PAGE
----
Information signs, displays, and interpreters are abundant, so I learned more even as I headed toward the rendezvous point for the tractor ride back to Walnut Hill.
In 1850, it took up to ninety hours of labor to grow 100 bushels of corn. Today, a farmer can grow and harvest 100 bushels in less than three hours. Pretty dramatic difference.
Iowa is the largest producer of corn and soybeans in the United States. Corn is and always has been the number one crop in Iowa—from the farms of the Ioway Indians up to the farms of today.
I could tell you so much more, but I want to leave something for the interpreters to share with you if you visit the Living History Farms. Wonderful place. So glad I came. Hope you have a chance to visit. (Check out the site for Living History Farms.)
By 1900, technology had developed to the point where horses could replace oxen in the field. The greater strength of the oxen was no longer needed, and the greater speed and agility of horses made plowing larger farms possible. Horses supplied most of the energy on farms, from plowing to pulling wagons to powering various pieces of equipment, such as those for grinding corn. As a result of this dependence on horses, oats were added to the list of crops that were grown, because horses like oats. Most people are surprised to learn that, even though tractors began to gain popularity in the 1920s–1930s, horses continued to be used on some farms until World War II.
Also visible at the bottom of the photo is a hint of the classic white picket fence that surrounds the house. These fences not only made the homes more attractive, they also kept out livestock that might eat the kitchen garden to the ground.
Hiking to the next farm took me past markers for 1854 and the first railroad line to Iowa, the American Civil War (1861–1865), and the completion of the Transcontinental Railroad in 1869. The path then turned in at the 1900 farm.
For many of us, this is the image we had of farms when we were growing up—more settled, larger than the pioneer farm, with barns that seemed to inevitably be painted red.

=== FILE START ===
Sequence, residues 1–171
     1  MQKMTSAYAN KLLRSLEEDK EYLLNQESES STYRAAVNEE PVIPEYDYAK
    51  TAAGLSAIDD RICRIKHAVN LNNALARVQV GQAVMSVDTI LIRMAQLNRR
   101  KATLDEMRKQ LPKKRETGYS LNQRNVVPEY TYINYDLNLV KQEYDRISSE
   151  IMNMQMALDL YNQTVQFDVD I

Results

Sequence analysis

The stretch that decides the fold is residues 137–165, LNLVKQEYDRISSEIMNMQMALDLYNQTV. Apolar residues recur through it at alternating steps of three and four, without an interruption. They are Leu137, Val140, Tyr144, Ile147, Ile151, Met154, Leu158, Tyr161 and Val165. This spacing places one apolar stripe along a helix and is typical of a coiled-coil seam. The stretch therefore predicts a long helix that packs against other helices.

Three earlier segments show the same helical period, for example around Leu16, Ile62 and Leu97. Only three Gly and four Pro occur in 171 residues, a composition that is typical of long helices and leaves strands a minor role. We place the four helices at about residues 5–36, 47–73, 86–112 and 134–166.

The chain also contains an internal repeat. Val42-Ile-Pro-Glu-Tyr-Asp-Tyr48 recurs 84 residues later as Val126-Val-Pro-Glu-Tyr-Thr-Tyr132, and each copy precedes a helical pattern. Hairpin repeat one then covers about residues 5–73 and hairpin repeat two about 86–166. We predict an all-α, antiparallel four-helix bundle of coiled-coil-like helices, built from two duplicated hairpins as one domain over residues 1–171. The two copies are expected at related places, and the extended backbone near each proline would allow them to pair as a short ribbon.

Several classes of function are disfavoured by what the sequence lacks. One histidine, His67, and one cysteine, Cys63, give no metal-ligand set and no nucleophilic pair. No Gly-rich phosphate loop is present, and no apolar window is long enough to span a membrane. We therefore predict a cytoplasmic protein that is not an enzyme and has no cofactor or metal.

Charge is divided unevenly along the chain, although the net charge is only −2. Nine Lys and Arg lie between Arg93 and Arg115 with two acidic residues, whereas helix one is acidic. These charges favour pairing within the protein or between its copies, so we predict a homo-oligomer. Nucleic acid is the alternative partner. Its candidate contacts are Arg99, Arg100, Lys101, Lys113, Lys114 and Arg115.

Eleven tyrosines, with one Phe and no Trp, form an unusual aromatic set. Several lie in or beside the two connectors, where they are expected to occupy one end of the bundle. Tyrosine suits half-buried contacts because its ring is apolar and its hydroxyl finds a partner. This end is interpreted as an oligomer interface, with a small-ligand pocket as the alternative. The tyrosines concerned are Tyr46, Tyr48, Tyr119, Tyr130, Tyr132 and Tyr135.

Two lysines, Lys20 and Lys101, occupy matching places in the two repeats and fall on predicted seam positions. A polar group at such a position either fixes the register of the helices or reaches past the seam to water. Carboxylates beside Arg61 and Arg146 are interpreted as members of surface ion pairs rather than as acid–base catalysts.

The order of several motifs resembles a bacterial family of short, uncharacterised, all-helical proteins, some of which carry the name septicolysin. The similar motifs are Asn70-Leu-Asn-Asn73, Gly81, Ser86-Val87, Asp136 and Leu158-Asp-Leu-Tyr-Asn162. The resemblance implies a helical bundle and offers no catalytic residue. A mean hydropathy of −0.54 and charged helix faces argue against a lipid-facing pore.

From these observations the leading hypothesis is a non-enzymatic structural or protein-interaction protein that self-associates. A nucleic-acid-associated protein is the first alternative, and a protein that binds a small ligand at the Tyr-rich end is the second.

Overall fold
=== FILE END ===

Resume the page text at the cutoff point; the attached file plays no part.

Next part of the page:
Interpreter Erin related that farms were self-sustaining. Animals were fed from the crops grown on the farm. The farm family ate what they grew—and ate what was in season or what could be “put up” for the winter.
Even in 1900, crop rotation was done, but soil was also enriched with manure. Manure management was, in fact, a big concern, as it is today. You didn’t want to have so many animals that you ended up with more manure than you could use on your fields.
Trains made it easier to get crops to market, and made it possible to get factory-made items to farmers. Houses were nicer, often with white picket fences. Stoves were common by this time, many of them fueled by corncobs.
Once there was a crop—something that was a staple for humans and animals, as was true of corn—creating a kitchen garden would be the next important priority. Corn and game would sustain the family for the first year or two, but a garden would supply lettuce, potatoes, onions, tomatoes, peppers, beans, squash, radishes, and herbs.
Here, in the garden, Sarah, one of the interpreters, weeds one of the garden beds. When asked about the food, she shared that the family ate a lot of cornmeal and corn bread. Once potatoes were growing well in the garden, pork and potatoes became a common meal. Sarah noted that corn had a double benefit—once the kernels were removed, the cobs could be used for scrubbing pans.
Chickens were raised, but they were saved for eggs. Sarah explained that the Dominick chickens they raise (a heritage breed) can be house broken. They are good layers, but the advantage to allowing them indoors is that they were good at keeping the cabin free of bugs.
A practical, wood-burning kitchen stove had been invented in 1834, but they were not widespread in 1850. More importantly, even if one had access to the new invention, and the money to buy it, the large, iron stoves were tremendously heavy, and they were simply not the sort of thing one would try to take in a wagon across country. As a result, people on the frontier continued to cook the way people had cooked for centuries—in the large fireplaces that also heated their homes.
Hearth cooking was practical on one level—you were going to have a fire in that large fireplace, so might as well use it for cooking, too. However, it was also impractical, as wood was not as abundant on the prairies as it had been back east. Plus it was dangerous. The long skirts worn by women too easily snagged hot coals, and serious burns and even deaths were fairly common for the home cook. Still, with the passing of hearth cooking, many mourned the loss of the smoky flavor of meat slow roasted on a spit over a wood fire.
This blog will relate discoveries made as I explore and study the Midwest. It will feature places I visited in pursuit of tales for my books but will also follow other threads of history, travel, and culture in the Heartland. For the remarkable tales of corn and its importance in the world and U.S., check out the book, Midwest Maize: How Corn Shaped the U.S. Heartland. For the fascinating tale of our earliest domesticated food animal, check out Pigs, Pork, and Heartland Hogs: From Wild Boar to Bagonfest. I hope you’ll consider buying them. (And stay tuned for future titles.)
Eric Hoffer Award Winner
Midwest Independent Booksellers Association selection